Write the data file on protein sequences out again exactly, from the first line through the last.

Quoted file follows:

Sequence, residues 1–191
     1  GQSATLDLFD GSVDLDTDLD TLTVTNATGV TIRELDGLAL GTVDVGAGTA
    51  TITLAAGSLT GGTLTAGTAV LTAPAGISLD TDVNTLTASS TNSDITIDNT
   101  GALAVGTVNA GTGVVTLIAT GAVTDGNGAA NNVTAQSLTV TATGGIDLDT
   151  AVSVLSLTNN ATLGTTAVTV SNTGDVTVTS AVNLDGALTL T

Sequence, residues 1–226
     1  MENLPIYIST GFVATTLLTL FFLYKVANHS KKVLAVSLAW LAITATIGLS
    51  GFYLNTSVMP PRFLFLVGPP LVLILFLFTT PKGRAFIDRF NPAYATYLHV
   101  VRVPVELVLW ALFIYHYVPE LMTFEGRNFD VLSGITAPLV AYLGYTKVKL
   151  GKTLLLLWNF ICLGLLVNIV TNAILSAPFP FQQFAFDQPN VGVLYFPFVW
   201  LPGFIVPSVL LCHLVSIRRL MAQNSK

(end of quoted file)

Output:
Sequence, residues 1–191
     1  GQSATLDLFD GSVDLDTDLD TLTVTNATGV TIRELDGLAL GTVDVGAGTA
    51  TITLAAGSLT GGTLTAGTAV LTAPAGISLD TDVNTLTASS TNSDITIDNT
   101  GALAVGTVNA GTGVVTLIAT GAVTDGNGAA NNVTAQSLTV TATGGIDLDT
   151  AVSVLSLTNN ATLGTTAVTV SNTGDVTVTS AVNLDGALTL T

Sequence, residues 1–226
     1  MENLPIYIST GFVATTLLTL FFLYKVANHS KKVLAVSLAW LAITATIGLS
    51  GFYLNTSVMP PRFLFLVGPP LVLILFLFTT PKGRAFIDRF NPAYATYLHV
   101  VRVPVELVLW ALFIYHYVPE LMTFEGRNFD VLSGITAPLV AYLGYTKVKL
   151  GKTLLLLWNF ICLGLLVNIV TNAILSAPFP FQQFAFDQPN VGVLYFPFVW
   201  LPGFIVPSVL LCHLVSIRRL MAQNSK